The Lover and the Beloved

If you want to understand what’s happening in the world right now, just read William Manchester’s Winston Spencer Churchill: The Last Lion Alone, 1932-1940.

This superb volume book chronicles Churchill’s courageous and lonely battle against pacifism, disarmament and appeasement. Churchill was politically isolated in Parliament, often jeered and scorned when he warned of the growing Nazi threat.

He fought men who had stooped to the acme of gullibility and self-delusion.

And it’s happening once again as Islamic imperialism darkly threatens western civilization.

But I want to veer away from politics for a moment.

I want to ask a question — about love.

Early in the book, Manchester writes about Clementine Churchill, Winston’s loving and mostly loyal wife, and her brief three-month affair with a wealthy art dealer, Terence Philip.

Manchester quotes La Rochefoucauld: In any affair one partner is the lover and the other the beloved.

Long afterward Clementine conceded that the initiative had been hers.

Clementine said: “He made me love him.”

Thus Philip, seven years younger, was the beloved.

The question I pose to my wise readers is: In marriage does this maxim also hold true?

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  1. David Eisenberg
    Posted June 21, 2011 at 4:13 pm | Permalink

    Like everything in human life – for some marriages yes, and for some no. And sometimes the beloved becomes the lover later in life too.

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  2. Robert J. Avrech
    Posted October 9, 2006 at 3:57 pm | Permalink

    Yes, Winston and Clementine were utterly devoted to one another. Just read their letters–it’s soooo obvious.

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  3. kishke
    Posted October 8, 2006 at 10:07 pm | Permalink

    I too recall that comment about WC being undersexed. As I remember, Manchester himself was not at all definite about WC’s possible adultery. It seemed to be only speculation.
    Robert, you’re probably right about why their marriage seemed odd to me. They certainly did seem to be devoted to one another.

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  4. Robert J. Avrech
    Posted October 6, 2006 at 1:06 pm | Permalink

    Yes, Manchester says that WSC was undersexed, perhaps a reaction to his mother’s, ahem, many adventures.
    Winston’s “affair.” I was not sure. It seemed that some woman threw herself at WSC, but that he was not quite biting–or maybe I just didn’t read it properly.
    In any case, Winston and Clementine were utterly devoted to one another and would never think of separating over such “trivial matters.”
    Footnote: Code of Jewish Law is just one of many halachic works.
    Not sure “slander” applies to historical figures in this context. Probably not since we are discussing an already published book.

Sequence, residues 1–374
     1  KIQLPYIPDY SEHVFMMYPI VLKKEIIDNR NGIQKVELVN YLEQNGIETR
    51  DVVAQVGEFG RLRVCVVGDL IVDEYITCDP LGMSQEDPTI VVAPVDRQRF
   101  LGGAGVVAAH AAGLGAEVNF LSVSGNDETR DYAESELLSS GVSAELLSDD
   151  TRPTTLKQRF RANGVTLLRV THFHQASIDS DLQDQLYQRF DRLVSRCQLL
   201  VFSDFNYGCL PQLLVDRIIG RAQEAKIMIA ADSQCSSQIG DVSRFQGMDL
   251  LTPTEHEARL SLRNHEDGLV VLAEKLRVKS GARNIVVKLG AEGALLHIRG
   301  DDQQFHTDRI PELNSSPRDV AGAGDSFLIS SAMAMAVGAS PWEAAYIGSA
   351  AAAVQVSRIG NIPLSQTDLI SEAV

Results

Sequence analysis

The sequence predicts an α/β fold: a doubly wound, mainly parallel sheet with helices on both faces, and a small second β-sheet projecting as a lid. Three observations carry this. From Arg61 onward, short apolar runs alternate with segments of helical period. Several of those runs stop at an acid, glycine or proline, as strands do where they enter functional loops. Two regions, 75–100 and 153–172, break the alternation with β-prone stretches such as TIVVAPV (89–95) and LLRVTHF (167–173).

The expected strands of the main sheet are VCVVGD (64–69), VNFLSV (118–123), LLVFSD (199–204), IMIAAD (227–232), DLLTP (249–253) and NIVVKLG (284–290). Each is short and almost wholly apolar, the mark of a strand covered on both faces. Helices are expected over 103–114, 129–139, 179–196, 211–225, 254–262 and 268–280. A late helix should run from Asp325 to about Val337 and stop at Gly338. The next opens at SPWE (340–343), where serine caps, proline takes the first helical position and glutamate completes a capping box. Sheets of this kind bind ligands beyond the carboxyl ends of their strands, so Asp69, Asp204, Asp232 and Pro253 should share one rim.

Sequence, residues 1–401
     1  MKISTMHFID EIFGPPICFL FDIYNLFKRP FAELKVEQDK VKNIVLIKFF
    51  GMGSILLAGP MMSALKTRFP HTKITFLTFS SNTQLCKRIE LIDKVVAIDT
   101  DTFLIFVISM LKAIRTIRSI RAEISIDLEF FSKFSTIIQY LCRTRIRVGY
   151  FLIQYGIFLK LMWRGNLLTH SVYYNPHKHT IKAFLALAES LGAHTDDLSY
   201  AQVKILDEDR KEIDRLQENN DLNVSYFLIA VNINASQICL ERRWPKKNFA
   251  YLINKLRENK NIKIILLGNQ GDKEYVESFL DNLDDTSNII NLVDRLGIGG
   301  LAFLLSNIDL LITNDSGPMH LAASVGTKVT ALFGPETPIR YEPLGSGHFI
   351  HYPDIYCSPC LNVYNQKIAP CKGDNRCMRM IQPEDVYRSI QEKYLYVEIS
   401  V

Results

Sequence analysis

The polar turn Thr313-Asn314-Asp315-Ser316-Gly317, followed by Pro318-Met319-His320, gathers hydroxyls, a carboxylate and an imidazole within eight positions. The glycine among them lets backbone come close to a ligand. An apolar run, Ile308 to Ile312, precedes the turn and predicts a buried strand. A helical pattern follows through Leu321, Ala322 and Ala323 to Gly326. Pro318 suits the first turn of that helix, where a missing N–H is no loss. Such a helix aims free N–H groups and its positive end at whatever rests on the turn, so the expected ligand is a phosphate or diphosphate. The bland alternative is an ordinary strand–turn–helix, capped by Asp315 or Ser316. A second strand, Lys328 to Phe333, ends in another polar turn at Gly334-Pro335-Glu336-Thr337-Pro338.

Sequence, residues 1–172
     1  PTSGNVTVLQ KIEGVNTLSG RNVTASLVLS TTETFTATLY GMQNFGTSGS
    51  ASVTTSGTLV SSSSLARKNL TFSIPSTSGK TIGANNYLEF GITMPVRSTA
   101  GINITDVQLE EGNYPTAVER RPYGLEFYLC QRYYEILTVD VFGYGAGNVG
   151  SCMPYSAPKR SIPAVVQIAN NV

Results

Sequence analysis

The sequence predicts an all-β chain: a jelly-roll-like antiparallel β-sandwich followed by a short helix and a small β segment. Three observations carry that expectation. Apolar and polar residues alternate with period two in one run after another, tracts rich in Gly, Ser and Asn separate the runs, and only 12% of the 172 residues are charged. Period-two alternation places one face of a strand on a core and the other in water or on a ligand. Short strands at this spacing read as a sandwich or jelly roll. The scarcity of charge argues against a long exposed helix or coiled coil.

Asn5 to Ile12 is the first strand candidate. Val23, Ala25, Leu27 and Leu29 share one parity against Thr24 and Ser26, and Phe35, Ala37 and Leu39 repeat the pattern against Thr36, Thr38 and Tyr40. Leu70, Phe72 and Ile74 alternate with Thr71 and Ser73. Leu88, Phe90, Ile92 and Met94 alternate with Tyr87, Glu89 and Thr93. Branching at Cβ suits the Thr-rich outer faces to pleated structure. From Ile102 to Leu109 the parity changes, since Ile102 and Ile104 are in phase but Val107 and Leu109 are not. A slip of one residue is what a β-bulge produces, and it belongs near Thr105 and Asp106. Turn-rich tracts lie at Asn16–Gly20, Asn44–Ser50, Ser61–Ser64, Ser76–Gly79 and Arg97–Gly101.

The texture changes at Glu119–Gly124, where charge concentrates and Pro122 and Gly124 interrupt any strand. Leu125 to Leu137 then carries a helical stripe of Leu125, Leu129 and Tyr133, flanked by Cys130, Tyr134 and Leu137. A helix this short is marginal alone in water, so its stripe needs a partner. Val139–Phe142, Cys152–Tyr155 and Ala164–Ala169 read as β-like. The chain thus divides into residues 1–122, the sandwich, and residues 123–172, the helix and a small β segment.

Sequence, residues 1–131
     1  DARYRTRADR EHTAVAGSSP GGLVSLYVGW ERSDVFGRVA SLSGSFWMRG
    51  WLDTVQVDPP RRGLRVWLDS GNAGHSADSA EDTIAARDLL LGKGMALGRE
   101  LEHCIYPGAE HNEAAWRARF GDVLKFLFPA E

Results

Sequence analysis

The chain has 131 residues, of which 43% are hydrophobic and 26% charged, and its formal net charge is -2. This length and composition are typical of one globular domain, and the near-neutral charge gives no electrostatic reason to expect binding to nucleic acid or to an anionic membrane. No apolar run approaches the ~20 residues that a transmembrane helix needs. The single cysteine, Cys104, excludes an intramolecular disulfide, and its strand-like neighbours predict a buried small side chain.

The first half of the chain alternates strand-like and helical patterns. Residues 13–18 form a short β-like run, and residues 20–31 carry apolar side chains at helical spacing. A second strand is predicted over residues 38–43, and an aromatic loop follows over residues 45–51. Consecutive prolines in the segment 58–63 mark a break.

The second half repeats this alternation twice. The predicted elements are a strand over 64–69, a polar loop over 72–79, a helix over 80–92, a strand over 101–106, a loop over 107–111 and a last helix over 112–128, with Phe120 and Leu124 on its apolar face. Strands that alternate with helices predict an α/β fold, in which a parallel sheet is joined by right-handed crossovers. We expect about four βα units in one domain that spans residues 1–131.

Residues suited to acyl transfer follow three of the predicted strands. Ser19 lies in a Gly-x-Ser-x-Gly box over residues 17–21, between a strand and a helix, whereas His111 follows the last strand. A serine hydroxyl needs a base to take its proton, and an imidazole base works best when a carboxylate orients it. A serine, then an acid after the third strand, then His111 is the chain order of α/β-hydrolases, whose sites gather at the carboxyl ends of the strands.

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  5. Posted October 6, 2006 at 12:46 pm | Permalink

    Robert, if we hadn’t re-arranged my study to accomodate the holiday I would pulled the book out of the box and answer your q’s most accurately. All I have to go on is memory. I read the book – twice – about seven months ago.
    Of course, I read it with the purpose of learning more about Winston Churchill, and not his wife. That makes a difference.
    As I recall, Manchester relied heavily on personal letters and even oral accounts of past events. That is the stuff of tabloids!
    I remember Manchester repeatedly wrote that WSC was “undersexed”, and that he had had an affair, but also that WSC liked a bit of mystery and exaggeration about these matters, perhaps thinking they would enhance his popular appeal. We know nothing about WSC’s feelings about his own affair, and Manchester would certainly have published such if he could. Could the same have been done for Mts. Churchill? There was more about Mrs. Churchill’s lover, yes. But I can’t recall that, except for some holiday travel choices, it ever made an impact on their lives.
    The overall message I received was, “OK, we each had affairs, but we’re English, so we’ll carry on and let it go at that.”
    Footnote: been reading Code of Jewish Law, translated. The definition of “slander” is very, very wide. It would probably shut the mouths of everyone on the internet if we ever forbade it…

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  6. Robert J. Avrech
    Posted October 6, 2006 at 12:25 pm | Permalink

    Winston and Clementine’s marriage was actually quite normal — for the Edwardian age. Let us never forget that Winston hated the 20th century, pined for older, finer days. His home, Chartwell, was built, mostly, in the 11th Century. His marriage to Clementine reflected this sensibility–though he refrained from committing adultery. He was completely faithful. Thus they took separate vacations and slept in separate bedrooms. But all in all they loved and adored one another. Save for Clementine’s one sad lapse into adultery when she was in her middle years, much like a Maugham heroine.

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  7. Robert J. Avrech
    Posted October 6, 2006 at 12:14 pm | Permalink

    Manchester’s sources are Clementine’s private letters — not British tabloids.

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  8. Robert J. Avrech
    Posted October 6, 2006 at 12:05 pm | Permalink

    Yes, you more than answered the question. Lovely, just lovely. Thank you.